Market Update: July 23rd, 2010

Market Update: July 23rd, 2010
July 23, 2010

This is a quick update on markets and models.

As you know, markets swooned in April, May and June, culminating in a nearly 12% loss for average Canadian investors in global stocks at the deepest stage of the decline. Market risk doubled between April and June as measured by standard volatility measures.
The three primary risk management layers in our models were extremely effective during this period:
  1. Put options bought in late April as insurance paid off as markets fell from their April peak
  2. Many positions were sold on the first wave down in early May as stop losses were hit
  3. The small number of remaining positions, ex gold, were sold for cash at the end of May
Models, and hence client portfolios, are essentially flat from their peak in April. We are currently over 90% cash and bonds, and awaiting fresh signals.
Whither Markets?
That said, we are on the verge of something meaningful happening. We are currently managing three scenarios:
  1. Global stocks turn lower immediately and we proceed into a deeper plunge
  2. We break higher, with commodities leading, but we fail between S&P 1130 and 1160 and then reverse into a deeper plunge
  3. We break higher for a sustainable multi-month trend
Models are currently positioned for scenario 1, but we will know if the next day or so whether we need to position short-term for Scenario 2. Our long-term trend indicators will then provide direction at the end of July so that we can position for a possible Scenario 3.
It is important to remember that it is not enough for the economy, or the companies that operate within it, to deliver strong results. If the participants in the market are already expecting strong results, then the economy must do even better than expected to drive markets higher. John Maynard Keynes draws a worthwhile comparison with a beauty contest:

“It is not a case of choosing those [faces] that, to the best of one’s judgment, are really the prettiest, nor even those that average opinion genuinely thinks the prettiest. We have reached the third degree where we devote our intelligences to anticipating what average opinion expects the average opinion to be. And there are some, I believe, who practice the fourth, fifth and higher degrees.” (Keynes, General Theory of Employment Interest and Money, 1936).

We are thus awaiting signals based on actual capital flows to determine whether average market participants are more impressed, or less impressed than they expected to be. In investing, the large drives the small, so we focus on the biggest, most liquid, most important markets around to judge major changes in trend. It has been the case since 2003 that Asian markets have driven global growth, and this is no less so today. Given the amount of debt (leverage) in the system, Asian growth trends are even more important today than ever. Thus, we are focused on the strength of a basket of Asian currencies (excluding the Japanese Yen), as an indicator of broad Asian growth. The chart for this index is below (Chart 1.)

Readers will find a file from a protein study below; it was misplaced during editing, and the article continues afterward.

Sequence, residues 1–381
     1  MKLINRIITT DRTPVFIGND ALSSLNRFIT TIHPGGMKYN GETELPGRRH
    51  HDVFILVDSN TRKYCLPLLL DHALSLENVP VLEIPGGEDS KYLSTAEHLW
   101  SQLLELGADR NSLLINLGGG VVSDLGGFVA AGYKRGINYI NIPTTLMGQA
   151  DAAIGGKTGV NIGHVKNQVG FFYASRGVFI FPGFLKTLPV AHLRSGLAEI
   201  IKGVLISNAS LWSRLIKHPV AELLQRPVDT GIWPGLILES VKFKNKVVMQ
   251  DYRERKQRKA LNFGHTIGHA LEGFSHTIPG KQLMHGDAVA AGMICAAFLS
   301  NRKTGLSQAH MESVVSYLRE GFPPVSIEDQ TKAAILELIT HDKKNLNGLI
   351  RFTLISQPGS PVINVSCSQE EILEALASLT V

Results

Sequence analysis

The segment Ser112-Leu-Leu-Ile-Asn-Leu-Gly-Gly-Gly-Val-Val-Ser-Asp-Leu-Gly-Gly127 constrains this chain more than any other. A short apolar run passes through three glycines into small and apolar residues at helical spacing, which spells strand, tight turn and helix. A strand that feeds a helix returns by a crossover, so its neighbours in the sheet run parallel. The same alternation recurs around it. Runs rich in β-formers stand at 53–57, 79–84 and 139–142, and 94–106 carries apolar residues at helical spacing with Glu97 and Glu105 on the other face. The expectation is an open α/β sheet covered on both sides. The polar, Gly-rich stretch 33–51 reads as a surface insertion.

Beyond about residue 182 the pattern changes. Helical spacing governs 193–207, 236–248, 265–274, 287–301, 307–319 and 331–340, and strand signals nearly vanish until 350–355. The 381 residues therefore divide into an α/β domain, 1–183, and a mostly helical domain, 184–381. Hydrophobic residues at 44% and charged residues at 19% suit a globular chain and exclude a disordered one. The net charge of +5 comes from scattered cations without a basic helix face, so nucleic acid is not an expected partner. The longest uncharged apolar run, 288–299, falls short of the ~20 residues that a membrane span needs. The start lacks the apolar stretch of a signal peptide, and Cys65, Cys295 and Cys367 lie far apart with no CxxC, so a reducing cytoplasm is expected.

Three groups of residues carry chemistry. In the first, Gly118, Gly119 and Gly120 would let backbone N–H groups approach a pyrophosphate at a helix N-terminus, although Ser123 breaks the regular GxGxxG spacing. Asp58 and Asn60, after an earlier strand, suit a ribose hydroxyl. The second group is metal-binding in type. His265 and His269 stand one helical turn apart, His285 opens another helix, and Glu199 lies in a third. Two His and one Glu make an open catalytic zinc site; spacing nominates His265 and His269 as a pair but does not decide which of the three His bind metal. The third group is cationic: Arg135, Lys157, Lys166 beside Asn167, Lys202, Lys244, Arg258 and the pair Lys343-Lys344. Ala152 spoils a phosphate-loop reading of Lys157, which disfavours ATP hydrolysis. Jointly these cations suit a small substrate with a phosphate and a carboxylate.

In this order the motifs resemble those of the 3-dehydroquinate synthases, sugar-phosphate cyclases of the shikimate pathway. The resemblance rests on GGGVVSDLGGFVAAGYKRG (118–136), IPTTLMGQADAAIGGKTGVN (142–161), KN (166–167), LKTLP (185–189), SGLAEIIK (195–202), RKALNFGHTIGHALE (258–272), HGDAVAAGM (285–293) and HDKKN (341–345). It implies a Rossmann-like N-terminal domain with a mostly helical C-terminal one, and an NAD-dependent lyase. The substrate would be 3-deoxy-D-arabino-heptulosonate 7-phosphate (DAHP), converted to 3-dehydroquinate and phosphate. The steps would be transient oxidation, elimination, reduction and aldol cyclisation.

Chart 1. Asian Dollar Index
Source: Bloomberg, Butler|Philbrick & Associates
Note that this index of Asian currencies has been moving sideways since late April. Should the index break through the upper trend-line near 111.50, this would trigger Scenario 2 by sending a meaningful signal that markets are prepared to allocate capital to growing Asian countries, and this would be a positive signal for markets. We would layer into model positions for Aggressive clients on a break of this line. A break of the 112 line would signal Scenario 3 represent a higher intermediate term high for the index, and send a strong signal of a sustainable up-trend, and would lend confidence to a decision to reinvest cash in all client portfolios.

The exchange rate between the Australian dollar and the Japanese Yen has been an excellent indicator of investor confidence in global growth, as Australia is a major provider of commodities to the Asian growth countries, while Japan is a net importer of nearly every commodity. This indicator has also been consolidating since late April. A break of the upper trendline (Chart 2.) would signal Scenario 2, confirming renewed optimism in global growth, and would lend further confidence to our decision to reinvest client cash. A close above 78.60 would confirm this new up-trend defined by Scenario 3.

Chart 2. Australia Dollar / Japanese Yen Cross

Source: Stockcharts, Butler|Philbrick & Associates
Last, but certainly not least, the U.S. Treasury market has indicated a high degree of skepticism regarding the very recent optimism as reflected in rising stock prices. The debt markets swamp the equity markets in terms of size and sophistication, so we watch Treasury yields closely for confirmation of stock and commodity price moves. So far, Treasuries have NOT confirmed the recent stock price rally, so we would like to see Treasury yields break the upper trendline (Chart 3.). A break of this upper trendline would signal Scenario 2. If U.S. Treasury Yields trade above 3.10% (31 on the chart below), we would interpret that as a final trigger for Scenario 3.

Chart 3. U.S. 10-Year Treasury Yields

Source: Stockcharts, Butler|Philbrick & Associates